In after years his visits to the mountains were made with others who looked after the camping. I shall never forget the equipment he brought on his first trip with me into the High Sierra. It was in the late fall, when we were likely to meet a snow-storm at any time. And in fact two such storms overtook us - on in Mokelumne Pass, the other in Mono Pass. Our route lay in the high mountains from Lake Tahoe to Bloody Cañon. The outfit he brought consisted of a clean shirt, a change of underclothing, and some extra socks. In spite of the lateness of the season, the high altitude, the icy nights, the almost certainty of snow-storms - in spite of all these, he carried not so much as a single blanket!

In reply to my inquiry s to the whereabouts of his bed, he replied that he had tramped the mountains for years, but had never carried one. I was amazed, but the condition confronting us permitted no compromise. I told him, therefore, that, although he had frequently slept on the ground without covering in summer when many years younger, he was too old to do so now, particularly at this late season of the year. I told him also that I had a good sleeping-bag, just big enough for one, with no extra blankets for two, and further, that it was out of the question for me to set out on such a trip with a companion who had no bed. Recognizing the justice of my argument, he compromised by asking, "Where can I buy a bed in the mountains?" This problem was soon solved and the trip was carried out as had been planned. It may be added that, although my ground-canvas was a large one and did duty for us both, as we slept close together, yet the severity of the weather was such that he suffered nearly every night from cold. He made no complaint, but was always up and had a small fire burning and coffee brewing before full daylight. The incident is mentioned merely to emphasize a particularity of h is character - that he rarely made any provision beforehand for his own comfort.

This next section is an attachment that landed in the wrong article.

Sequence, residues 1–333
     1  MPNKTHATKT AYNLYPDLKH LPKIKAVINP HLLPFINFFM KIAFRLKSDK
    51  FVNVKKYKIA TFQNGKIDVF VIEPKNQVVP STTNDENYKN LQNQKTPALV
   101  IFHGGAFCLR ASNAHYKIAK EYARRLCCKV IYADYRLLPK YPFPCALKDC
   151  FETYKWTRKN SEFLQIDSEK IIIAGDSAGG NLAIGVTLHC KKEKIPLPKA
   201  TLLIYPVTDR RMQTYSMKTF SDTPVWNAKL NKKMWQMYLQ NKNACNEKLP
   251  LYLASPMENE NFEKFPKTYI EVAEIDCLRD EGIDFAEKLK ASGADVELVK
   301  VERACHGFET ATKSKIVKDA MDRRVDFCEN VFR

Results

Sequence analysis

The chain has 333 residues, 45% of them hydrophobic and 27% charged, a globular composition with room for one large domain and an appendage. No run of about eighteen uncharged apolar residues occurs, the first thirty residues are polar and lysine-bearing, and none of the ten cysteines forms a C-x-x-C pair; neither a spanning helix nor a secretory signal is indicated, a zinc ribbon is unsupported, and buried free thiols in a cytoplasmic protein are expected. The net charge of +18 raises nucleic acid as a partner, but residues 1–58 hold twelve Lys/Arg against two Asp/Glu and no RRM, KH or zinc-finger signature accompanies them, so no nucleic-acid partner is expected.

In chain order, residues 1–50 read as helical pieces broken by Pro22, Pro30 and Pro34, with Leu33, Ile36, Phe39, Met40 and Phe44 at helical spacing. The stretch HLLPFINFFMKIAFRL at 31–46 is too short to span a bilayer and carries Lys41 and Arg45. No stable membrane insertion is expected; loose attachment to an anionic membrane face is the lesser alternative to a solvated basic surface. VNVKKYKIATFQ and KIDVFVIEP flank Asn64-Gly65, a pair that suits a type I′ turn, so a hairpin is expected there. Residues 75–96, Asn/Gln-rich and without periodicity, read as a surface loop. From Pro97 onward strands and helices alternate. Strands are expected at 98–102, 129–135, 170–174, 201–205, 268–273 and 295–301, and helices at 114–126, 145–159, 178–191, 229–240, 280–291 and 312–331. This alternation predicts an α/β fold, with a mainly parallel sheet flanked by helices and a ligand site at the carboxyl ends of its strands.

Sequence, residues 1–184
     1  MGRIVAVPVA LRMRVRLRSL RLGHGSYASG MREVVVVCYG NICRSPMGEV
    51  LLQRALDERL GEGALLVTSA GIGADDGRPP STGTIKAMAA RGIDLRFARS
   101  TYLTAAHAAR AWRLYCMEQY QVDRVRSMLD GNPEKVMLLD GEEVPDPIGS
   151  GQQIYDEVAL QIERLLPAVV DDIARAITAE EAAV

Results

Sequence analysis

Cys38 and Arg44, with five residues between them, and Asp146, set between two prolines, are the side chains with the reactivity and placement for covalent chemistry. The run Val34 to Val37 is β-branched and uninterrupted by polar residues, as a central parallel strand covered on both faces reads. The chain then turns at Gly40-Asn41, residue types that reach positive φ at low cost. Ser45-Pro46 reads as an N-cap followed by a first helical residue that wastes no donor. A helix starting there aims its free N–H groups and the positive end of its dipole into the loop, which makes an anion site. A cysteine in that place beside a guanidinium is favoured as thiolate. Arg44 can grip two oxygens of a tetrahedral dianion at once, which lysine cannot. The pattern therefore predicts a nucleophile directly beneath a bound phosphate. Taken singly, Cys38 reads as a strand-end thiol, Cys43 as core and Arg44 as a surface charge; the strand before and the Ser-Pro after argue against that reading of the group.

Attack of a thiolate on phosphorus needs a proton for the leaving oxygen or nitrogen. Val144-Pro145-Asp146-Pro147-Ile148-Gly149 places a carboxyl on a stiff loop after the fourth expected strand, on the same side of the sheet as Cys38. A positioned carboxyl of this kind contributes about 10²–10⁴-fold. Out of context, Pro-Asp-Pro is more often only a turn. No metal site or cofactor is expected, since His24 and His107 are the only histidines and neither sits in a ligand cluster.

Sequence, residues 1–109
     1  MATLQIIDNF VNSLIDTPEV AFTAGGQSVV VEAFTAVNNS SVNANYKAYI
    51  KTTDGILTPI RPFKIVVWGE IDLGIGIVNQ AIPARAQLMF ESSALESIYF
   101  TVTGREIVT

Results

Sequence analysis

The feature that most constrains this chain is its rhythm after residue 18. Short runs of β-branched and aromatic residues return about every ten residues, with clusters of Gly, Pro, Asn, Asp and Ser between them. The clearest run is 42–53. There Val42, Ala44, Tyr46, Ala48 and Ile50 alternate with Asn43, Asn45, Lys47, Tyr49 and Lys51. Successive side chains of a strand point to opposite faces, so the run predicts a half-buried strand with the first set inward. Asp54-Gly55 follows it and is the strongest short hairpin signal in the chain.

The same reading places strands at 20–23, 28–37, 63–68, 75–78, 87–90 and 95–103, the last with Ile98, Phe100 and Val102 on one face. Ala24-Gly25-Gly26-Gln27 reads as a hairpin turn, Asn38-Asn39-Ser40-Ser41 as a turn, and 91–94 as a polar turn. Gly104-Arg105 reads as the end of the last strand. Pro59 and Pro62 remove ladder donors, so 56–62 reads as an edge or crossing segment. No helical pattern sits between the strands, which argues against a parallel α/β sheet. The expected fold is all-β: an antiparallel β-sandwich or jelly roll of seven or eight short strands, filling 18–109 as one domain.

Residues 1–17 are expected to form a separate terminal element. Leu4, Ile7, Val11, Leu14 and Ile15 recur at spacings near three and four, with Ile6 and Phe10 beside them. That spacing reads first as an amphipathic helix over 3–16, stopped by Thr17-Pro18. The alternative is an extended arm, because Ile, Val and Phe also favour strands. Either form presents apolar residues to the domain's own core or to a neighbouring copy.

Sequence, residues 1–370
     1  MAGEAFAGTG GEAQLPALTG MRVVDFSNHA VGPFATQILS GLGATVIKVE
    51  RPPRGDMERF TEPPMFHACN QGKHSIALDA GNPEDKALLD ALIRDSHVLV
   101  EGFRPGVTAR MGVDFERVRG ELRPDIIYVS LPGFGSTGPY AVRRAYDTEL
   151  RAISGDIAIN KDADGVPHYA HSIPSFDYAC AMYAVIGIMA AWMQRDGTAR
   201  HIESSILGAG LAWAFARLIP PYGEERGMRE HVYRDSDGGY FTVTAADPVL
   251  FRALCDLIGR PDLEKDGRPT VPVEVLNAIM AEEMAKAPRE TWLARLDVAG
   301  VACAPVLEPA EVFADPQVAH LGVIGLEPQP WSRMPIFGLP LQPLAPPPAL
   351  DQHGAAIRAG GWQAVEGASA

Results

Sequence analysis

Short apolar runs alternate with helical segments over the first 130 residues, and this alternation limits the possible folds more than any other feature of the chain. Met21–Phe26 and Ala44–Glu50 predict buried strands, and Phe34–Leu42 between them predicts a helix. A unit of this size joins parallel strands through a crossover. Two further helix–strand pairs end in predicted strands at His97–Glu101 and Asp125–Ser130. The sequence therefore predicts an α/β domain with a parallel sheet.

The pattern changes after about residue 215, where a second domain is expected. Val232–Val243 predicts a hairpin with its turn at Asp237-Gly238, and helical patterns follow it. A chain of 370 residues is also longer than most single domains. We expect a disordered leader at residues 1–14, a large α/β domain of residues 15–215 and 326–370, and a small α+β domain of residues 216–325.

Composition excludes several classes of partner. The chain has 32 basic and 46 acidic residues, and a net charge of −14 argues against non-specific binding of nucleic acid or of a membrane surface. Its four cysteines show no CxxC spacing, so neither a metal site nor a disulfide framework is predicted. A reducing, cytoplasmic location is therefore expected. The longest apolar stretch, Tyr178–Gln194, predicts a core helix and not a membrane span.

Another marked peculiarity for a woodsman was that he never carried a gun or killed game either for sport or meat, preferring to eat dry bread.